The Tasmanian Museum and Art Gallery (TMAG) is a premier cultural attraction that supports the Tasmanian Government’s long-term goal of bringing 1.5 million visitors to the state each year.

It was my pleasure today to open a moving exhibition commemorating the 50th anniversary of one of the state’s most catastrophic natural disasters.

One Hell of an Inferno: The 1967 Tasmanian Bushfires tells the story of the fires that engulfed south-eastern Tasmania on 7 February 1967 and their impact on Tasmanian communities.

Tasmanians who lived through that devastating day have vivid memories of their experiences, and many of their stories are shared as part of the exhibition.

Visitors can also watch a film exploring how the Tasmanian Aboriginal community has managed the landscape through the use of fire throughout history, including interviews with practitioners who carry out those fire management strategies today.

The exhibit also provides a reminder of the beauty of Tasmania’s bush through the presentation of the Tasmanian Tree Project.

In conjunction with the exhibition, TMAG will host the Tasmanian Fire Service’s (TFS) video story booth in the Central Gallery which will allow visitors to record their own stories about Black Tuesday.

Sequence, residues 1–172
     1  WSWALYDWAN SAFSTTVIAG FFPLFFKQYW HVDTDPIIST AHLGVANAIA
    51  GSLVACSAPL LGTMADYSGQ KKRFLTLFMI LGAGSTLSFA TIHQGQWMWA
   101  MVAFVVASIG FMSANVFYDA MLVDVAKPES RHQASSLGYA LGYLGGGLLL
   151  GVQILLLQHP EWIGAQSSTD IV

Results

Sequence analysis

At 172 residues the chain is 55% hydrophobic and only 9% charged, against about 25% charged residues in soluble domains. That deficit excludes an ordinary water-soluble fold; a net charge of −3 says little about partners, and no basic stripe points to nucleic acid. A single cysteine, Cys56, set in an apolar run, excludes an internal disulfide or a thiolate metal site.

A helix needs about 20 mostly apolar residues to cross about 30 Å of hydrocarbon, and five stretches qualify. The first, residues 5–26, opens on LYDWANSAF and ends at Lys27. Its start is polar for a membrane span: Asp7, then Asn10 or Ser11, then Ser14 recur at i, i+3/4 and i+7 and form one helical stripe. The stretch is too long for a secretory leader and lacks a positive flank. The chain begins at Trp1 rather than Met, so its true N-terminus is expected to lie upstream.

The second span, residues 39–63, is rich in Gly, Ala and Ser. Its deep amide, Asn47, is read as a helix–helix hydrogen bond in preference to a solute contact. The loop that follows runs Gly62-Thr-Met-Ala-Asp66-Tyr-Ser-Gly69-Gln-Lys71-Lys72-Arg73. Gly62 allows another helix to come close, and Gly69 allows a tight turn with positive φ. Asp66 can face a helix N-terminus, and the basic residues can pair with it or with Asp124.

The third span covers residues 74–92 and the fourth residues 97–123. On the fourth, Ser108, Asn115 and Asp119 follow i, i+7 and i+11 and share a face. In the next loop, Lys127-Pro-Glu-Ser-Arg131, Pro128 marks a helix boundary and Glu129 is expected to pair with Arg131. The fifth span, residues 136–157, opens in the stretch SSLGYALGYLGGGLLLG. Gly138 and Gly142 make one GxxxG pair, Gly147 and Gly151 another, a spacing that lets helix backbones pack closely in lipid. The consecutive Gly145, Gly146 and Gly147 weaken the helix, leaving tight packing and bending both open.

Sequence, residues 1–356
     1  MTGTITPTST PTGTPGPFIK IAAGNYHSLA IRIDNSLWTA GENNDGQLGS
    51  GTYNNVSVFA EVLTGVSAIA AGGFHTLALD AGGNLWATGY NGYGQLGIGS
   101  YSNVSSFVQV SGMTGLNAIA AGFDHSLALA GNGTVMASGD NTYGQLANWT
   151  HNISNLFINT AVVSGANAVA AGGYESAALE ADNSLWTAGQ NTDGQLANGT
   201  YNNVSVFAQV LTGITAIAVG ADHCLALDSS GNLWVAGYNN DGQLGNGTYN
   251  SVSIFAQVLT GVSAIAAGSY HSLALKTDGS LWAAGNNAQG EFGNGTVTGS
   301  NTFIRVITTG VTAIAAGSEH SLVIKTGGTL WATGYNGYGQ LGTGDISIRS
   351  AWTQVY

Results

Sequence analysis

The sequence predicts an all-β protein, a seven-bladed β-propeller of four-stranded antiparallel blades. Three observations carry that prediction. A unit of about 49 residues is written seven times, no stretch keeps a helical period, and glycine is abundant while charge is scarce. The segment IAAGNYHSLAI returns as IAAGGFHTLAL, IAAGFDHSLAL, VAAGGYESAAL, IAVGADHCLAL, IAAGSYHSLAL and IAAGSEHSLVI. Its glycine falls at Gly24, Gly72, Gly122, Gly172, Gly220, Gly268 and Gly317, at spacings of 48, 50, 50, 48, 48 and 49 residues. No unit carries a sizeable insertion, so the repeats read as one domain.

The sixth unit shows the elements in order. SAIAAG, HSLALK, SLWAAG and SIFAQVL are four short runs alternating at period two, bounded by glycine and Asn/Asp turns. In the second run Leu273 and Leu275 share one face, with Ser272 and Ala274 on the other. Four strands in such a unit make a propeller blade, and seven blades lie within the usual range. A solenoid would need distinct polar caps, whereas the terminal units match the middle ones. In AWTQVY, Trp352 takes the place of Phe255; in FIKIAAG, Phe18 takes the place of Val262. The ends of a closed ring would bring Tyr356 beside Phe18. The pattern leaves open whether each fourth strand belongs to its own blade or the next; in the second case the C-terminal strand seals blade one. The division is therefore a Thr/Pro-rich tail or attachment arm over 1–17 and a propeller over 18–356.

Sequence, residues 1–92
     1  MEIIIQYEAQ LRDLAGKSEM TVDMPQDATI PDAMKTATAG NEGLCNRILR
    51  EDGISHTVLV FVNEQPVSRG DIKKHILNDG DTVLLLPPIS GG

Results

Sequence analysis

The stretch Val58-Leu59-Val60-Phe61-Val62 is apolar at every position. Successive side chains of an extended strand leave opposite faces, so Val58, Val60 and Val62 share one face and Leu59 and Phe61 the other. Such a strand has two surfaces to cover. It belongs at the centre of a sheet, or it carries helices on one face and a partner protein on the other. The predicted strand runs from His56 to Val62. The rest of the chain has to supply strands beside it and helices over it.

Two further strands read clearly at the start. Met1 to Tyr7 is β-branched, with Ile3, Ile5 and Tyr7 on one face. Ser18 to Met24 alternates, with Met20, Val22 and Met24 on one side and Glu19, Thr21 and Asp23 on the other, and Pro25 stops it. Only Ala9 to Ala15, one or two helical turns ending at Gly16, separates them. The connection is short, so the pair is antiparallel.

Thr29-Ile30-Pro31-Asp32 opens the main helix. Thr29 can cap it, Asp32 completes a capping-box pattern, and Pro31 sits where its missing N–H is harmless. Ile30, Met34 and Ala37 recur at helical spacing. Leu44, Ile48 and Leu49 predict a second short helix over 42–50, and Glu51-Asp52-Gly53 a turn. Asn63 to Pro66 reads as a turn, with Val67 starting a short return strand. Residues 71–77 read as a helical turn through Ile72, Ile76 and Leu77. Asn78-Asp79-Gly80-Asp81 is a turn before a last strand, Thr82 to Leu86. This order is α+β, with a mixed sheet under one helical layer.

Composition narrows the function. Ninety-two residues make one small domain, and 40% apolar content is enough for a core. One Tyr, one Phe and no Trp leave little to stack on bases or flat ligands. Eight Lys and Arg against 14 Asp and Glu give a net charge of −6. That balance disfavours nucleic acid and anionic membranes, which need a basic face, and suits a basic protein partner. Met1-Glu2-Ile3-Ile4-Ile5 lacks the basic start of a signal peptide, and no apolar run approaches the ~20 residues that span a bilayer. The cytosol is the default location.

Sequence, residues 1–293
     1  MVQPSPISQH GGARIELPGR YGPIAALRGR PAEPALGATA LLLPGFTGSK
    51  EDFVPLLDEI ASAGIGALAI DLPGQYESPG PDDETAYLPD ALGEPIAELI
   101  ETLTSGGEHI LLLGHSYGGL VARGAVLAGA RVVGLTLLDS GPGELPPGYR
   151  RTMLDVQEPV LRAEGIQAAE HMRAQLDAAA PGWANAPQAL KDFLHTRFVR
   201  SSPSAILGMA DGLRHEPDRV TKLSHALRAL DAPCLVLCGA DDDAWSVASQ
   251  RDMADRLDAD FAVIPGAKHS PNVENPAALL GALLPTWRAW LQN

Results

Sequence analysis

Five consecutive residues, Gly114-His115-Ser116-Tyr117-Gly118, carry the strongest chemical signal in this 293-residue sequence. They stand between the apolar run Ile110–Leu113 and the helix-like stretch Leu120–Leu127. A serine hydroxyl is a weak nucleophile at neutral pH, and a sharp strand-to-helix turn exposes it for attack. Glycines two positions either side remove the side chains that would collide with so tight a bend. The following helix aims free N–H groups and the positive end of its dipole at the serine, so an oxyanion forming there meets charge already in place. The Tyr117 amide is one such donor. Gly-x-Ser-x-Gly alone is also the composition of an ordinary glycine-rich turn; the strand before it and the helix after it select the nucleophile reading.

The TFS will also be part of TMAG’s special commemorative Community Day on Sunday 5 February 2017 which will feature a visit from an historic fire truck used on Black Tuesday as well as a display from the Bushfire-Ready Neighbourhoods program and a live broadcast by ABC Local Radio.

The museum will also mark the anniversary of the fires with a special ceremony on Tuesday 7 February.

This exhibition has been supported by the Tasmanian Community Fund, and I encourage everyone in the community to visit this summer and see this important exhibition for themselves.

One Hell of an Inferno: The 1967 Tasmanian Bushfires is on show at the Tasmanian Museum and Art Gallery from 16 December 2016 until 19 March 2017.

For more information visit
Vanessa Goodwin, Minister for the Arts